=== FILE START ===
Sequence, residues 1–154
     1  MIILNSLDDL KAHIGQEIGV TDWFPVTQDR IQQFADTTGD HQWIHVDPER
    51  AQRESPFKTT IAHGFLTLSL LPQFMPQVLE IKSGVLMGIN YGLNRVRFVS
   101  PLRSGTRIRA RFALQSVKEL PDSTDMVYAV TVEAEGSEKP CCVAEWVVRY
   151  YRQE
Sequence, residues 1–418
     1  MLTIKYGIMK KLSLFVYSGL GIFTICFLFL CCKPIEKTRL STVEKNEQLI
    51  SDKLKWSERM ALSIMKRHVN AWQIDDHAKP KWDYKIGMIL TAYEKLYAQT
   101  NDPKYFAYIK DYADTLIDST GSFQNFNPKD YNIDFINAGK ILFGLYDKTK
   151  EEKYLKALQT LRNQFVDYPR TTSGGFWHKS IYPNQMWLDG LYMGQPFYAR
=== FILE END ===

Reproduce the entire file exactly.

Sequence, residues 1–154
     1  MIILNSLDDL KAHIGQEIGV TDWFPVTQDR IQQFADTTGD HQWIHVDPER
    51  AQRESPFKTT IAHGFLTLSL LPQFMPQVLE IKSGVLMGIN YGLNRVRFVS
   101  PLRSGTRIRA RFALQSVKEL PDSTDMVYAV TVEAEGSEKP CCVAEWVVRY
   151  YRQE
Sequence, residues 1–418
     1  MLTIKYGIMK KLSLFVYSGL GIFTICFLFL CCKPIEKTRL STVEKNEQLI
    51  SDKLKWSERM ALSIMKRHVN AWQIDDHAKP KWDYKIGMIL TAYEKLYAQT
   101  NDPKYFAYIK DYADTLIDST GSFQNFNPKD YNIDFINAGK ILFGLYDKTK
   151  EEKYLKALQT LRNQFVDYPR TTSGGFWHKS IYPNQMWLDG LYMGQPFYAR